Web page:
January 11, 2006
Bill Me Later, And Don't
Tell Anyone I'm Here
Websurfer had a thought, somewhere between posting his resume on
Monster.com and signing up to receive e-mail updates from his favorite
thought he. “What if it isn’t safe to use credit cards on the
Internet? Someone could access my personal information!”
Not that. Come to think of it, the other day, someone on a message board
told me my date of birth and address just by linking to my personal web
site that I had posted in my public profile. Eerie! I am now officially
concerned about my Internet privacy.
Maryland-based I4 Commerce Inc., anticipating my paranoi – er, I mean
concern – is introducing a new way to make online purchases without
having to use those scary credit cards that might cause your personal
information to be seen, or known, or otherwise not kept private.
developed Bill Me Later, which allows online purchasers to seek approval
to buy things simply by providing their date of birth and the last four
digits of their social security numbers. Once Bill Me Later has this
information, it searches online databases, particularly those of leading
credit bureaus, and determines if you’re a good credit risk. Then it
decides whether to approve your purchase and shoot you off a bill.
Oh, did I
mention that this entire process takes less time than you’ve spent
reading this column? On average, four seconds.
mavens, rest easy. Aside from being able to find your entire credit
history in four seconds, no one knows anything about you. I wonder how
fast they could find your credit records if you gave them all nine
digits of your Social Security number. As it is, they’re searching with
five digits tied behind their backs.
and Continental Airlines have already begun using Bill Me Later on their
e-commerce site, and I4 expects to process as much as $1 billion worth
of transactions this year. Granted, that’s nothing compared to
e-Bay-owned PayPal, which will do $6 billion. But then, PayPal doesn’t
base half its relationship with you on your birthday, so what are the
chances you’ll get a card from them?
I4 CEO Gary
Marino observes that credit cards were not exactly invented with the
Internet in mind – as anyone who can remember rubbing one against
multiple layers of carbon paper can attest. "The truth is that credit
cards weren't designed to be used online," Marino told Business Week.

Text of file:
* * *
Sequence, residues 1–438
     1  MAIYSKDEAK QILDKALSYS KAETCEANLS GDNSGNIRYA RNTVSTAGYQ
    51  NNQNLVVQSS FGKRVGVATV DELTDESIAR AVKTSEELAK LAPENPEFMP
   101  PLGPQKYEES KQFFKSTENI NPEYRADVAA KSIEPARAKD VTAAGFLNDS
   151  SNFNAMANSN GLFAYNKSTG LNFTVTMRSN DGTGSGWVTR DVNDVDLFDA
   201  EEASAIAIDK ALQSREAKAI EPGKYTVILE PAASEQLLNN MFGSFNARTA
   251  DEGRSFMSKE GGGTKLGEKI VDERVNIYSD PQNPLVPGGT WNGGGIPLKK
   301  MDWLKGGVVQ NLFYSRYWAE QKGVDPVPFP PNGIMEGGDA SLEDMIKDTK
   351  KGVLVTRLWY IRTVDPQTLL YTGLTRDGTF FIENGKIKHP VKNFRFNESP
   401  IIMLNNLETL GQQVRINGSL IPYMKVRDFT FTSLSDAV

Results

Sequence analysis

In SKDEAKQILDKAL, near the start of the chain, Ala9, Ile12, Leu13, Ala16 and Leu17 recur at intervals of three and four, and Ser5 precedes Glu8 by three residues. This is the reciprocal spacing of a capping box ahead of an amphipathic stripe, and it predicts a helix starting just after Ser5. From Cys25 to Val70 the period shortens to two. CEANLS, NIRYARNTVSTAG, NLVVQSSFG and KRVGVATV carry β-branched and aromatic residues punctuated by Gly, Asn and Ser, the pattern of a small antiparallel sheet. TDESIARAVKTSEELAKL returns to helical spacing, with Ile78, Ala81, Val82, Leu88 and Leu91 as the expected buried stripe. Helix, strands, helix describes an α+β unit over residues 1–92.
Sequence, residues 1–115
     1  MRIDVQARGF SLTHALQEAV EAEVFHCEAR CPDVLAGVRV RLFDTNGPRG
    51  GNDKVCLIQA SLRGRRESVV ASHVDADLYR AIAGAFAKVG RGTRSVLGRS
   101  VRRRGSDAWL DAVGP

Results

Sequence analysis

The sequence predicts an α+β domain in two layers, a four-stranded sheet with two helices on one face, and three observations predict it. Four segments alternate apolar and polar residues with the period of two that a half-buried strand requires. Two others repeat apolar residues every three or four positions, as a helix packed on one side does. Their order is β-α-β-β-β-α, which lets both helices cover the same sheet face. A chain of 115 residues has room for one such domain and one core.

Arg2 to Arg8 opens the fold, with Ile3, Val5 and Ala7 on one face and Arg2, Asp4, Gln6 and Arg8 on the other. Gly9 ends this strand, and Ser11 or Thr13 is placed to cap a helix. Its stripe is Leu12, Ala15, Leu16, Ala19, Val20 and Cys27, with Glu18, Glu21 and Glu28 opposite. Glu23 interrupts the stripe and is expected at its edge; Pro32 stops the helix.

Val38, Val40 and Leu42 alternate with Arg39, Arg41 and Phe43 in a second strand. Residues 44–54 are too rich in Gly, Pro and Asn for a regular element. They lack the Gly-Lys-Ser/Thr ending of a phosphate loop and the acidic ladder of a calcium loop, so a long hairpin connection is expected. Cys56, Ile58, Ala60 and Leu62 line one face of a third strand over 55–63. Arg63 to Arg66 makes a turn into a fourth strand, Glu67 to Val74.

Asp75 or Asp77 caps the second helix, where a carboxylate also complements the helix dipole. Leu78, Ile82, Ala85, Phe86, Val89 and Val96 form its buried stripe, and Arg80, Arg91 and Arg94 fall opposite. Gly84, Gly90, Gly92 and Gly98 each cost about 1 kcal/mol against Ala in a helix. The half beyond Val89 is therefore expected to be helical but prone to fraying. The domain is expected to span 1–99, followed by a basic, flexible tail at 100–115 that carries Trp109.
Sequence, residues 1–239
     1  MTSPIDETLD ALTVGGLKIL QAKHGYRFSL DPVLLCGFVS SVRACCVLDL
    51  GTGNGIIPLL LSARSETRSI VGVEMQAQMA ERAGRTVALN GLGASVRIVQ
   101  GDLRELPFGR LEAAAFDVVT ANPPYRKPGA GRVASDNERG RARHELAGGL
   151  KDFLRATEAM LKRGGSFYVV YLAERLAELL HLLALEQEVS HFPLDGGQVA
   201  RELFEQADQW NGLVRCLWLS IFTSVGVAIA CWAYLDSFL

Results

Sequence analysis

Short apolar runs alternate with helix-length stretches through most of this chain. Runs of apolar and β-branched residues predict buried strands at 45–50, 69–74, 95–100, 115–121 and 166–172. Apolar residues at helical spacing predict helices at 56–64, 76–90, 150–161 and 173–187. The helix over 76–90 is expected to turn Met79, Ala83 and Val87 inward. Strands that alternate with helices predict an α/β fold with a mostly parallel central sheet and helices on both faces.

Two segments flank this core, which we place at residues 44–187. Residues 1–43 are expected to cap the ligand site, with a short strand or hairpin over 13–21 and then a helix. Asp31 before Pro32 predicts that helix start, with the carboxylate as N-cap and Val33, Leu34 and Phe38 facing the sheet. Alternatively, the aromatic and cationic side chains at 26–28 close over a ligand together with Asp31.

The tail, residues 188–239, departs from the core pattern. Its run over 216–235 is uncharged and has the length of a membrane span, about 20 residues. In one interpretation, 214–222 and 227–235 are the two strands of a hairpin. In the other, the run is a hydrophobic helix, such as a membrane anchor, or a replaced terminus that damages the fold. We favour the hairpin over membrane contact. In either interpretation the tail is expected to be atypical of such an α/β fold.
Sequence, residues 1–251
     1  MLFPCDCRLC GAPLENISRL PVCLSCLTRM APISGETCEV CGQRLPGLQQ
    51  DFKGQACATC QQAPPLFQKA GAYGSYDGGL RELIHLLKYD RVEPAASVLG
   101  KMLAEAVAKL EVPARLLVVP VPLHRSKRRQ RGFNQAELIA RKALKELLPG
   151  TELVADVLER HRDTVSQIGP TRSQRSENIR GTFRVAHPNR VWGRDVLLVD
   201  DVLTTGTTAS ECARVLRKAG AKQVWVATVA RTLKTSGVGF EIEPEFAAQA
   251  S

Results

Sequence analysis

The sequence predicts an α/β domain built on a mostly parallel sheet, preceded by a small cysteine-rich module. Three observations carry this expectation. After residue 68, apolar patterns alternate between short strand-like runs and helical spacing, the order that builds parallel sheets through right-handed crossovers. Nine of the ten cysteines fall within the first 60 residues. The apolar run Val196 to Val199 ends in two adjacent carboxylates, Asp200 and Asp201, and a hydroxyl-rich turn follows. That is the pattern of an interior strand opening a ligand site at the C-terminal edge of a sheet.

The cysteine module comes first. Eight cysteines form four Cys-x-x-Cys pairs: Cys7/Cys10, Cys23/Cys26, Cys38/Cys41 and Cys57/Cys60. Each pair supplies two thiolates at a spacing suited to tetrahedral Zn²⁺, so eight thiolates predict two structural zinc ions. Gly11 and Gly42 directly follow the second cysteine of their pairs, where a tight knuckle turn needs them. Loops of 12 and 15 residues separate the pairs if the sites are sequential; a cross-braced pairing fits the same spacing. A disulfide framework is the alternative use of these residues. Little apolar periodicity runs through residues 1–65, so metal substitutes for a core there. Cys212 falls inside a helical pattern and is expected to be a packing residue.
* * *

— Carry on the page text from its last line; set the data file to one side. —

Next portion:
"The (credit-card) process is clunky and scary for a lot of people."
about it. Why, just last week, I got an e-mail from a company that
warned me my identity could be stolen if I didn’t buy their identity
theft protection product, Nacho Name. Of course, I want to check
out their credibility, so I’ll go to the site of an IT trade publication
where I took advantage of free registration. They just needed my
name, zip code and e-mail address and I’m in.
How did the people who make Nacho Name get my e-mail address?
Maybe someone will know on one of the two or three – or 39 – message
boards where I’m a registered user. They just needed my name, zip code .
. . Seriously, I wonder how these sites make money when they let people
register for free, and just ask for our e-mail addresses. Oh wait . . .
I just got an e-mail from someone selling Xantax cheap!
need any medication, but it’s so affordable, maybe I should start taking
some anyway. Especially if I seriously plan to invest emotional energy
in concern about my privacy in an age when people can search my entire
credit history in four seconds, and this is touted as a solution
to privacy concerns.
Court decided in 1973 that we have a constitutional right to privacy,
but no one told “Hoodlums V. Sulphurous,” who recently got in touch with
me to offer a killer deal on a new mortgage. Unless the Justices can
figure out a way to put the Internet genie back in the bottle (and not
on top of your Coke can, Justice Thomas!), I don’t think we’re in for a
very happy era for the intensely private.
The best I
can probably hope for is that, the more people find out about me, the
less interested they will be. Life at the Krause residence is pretty
boring. If, as I suspect, many other Americans share our propensity for
boring living, the big privacy crisis may just solve itself when – with
all barriers stripped away and everyone actively watching everyone else
– we all simply put each other to sleep.
I know I’m
getting bored just thinking about watching you.
© 2006 North Star
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